Frost as an Alchemist

frostrose

Perhaps you already know this about me, dear and gracious gentle reader: I was a summer baby, born in the first week of May and created by God (I am sure of this) to thrive in the months of growing things. I wake up, I unfold in early spring, like a new leaf or a dogwood blossom.

My spirit comes alive.

Every day I bolt out of bed very early and am outside as the sun peeks up from the horizon: planting, tending, reveling, breathing in the sweet cool air and tenderly admiring each new bud and sprout. Summer is a flurry of happy activity for me, as I keep tabs on baby chicks and baby plants and new plantings and old weeds and whatnot. Songbirds building nests. All of it. It thrills my soul. It makes me happy.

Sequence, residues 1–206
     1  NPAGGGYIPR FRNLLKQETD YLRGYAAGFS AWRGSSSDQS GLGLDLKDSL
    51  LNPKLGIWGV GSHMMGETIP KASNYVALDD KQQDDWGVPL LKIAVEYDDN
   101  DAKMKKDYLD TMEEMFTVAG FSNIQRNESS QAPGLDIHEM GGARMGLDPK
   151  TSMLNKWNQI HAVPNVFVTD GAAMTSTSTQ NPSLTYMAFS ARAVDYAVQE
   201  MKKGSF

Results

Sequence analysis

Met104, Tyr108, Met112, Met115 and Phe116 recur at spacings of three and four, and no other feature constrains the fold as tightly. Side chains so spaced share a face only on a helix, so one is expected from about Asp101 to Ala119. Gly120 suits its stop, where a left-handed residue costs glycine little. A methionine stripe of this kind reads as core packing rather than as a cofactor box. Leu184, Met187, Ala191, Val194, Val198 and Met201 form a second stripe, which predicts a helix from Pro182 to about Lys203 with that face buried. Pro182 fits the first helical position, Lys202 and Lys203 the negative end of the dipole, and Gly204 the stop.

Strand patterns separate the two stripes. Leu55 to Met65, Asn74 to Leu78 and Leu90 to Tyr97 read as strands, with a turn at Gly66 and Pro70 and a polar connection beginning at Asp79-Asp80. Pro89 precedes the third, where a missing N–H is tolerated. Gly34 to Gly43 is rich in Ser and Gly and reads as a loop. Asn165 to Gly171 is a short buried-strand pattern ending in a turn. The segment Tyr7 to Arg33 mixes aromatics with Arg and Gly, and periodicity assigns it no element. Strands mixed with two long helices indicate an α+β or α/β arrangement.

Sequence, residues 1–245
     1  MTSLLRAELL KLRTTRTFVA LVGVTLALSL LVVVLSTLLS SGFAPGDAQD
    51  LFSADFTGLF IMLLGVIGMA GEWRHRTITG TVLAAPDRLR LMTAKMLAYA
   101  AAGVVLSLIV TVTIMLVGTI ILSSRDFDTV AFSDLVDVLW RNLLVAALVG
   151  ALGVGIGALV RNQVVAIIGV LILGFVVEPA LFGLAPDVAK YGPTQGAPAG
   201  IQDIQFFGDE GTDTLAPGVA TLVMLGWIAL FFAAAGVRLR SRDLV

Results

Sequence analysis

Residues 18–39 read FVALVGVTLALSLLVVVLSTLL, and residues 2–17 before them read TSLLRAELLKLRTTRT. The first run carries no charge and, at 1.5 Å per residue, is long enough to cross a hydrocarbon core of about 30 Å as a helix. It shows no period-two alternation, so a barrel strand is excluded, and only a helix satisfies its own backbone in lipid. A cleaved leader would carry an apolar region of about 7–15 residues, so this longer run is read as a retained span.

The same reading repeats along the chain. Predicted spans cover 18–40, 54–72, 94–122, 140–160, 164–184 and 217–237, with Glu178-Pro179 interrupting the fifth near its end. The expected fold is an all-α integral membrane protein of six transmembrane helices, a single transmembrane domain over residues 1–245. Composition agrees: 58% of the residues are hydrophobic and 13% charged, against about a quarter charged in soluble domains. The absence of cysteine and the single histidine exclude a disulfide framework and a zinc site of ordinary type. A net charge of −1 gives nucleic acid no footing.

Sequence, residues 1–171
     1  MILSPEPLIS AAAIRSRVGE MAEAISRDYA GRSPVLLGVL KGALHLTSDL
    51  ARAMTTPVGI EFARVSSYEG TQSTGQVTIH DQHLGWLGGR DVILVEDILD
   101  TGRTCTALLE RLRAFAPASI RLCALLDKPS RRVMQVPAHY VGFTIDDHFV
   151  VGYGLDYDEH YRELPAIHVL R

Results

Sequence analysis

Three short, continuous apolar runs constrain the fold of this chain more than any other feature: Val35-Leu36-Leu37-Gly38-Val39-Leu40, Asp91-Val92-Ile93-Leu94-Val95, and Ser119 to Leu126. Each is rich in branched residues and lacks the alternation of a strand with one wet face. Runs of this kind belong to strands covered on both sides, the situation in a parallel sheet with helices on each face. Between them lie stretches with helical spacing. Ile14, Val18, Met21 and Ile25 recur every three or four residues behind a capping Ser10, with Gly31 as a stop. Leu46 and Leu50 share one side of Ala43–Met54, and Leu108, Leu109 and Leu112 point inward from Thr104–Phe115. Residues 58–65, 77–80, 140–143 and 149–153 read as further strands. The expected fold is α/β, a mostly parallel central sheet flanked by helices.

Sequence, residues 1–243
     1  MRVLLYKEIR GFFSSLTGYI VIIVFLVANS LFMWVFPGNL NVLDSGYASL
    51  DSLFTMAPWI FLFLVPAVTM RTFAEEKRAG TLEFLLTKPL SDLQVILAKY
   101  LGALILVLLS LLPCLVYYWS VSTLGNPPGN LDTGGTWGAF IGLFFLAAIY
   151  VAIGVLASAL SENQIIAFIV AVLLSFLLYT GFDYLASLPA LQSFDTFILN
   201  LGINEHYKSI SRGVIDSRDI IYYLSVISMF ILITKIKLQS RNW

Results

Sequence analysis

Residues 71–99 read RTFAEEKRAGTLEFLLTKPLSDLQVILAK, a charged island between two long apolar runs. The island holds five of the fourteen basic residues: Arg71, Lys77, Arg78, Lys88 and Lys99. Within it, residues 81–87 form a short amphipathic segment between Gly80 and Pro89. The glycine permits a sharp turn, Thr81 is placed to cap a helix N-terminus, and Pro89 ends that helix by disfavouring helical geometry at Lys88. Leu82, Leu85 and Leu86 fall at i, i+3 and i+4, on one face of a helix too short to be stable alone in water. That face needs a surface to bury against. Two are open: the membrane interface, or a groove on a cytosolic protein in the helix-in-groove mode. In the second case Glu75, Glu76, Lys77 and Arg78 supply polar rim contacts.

It’s good to get to an age when you know yourself well, and have stopped fighting it, isn’t it?

Conversely: when the days begin to get shorter, I feel an inevitable sagging of my spirit. I know this well about myself, too. It doesn’t make sense, on a very practical level. I have worked very hard outside for months. I am tired. My house needs attention, quite painfully. I have a lovely knitting project going; several winsome children nearby (or in-house!) to spend time with; a good husband who will bring in big armloads of wood for the fire; jars and bags and boxes of garden edibles stashed away; a big stack of tantalizing books that I’ve been ignoring all summer. Board games: remember board games, kids? They’re fun. We have lots of them that we haven’t touched for months.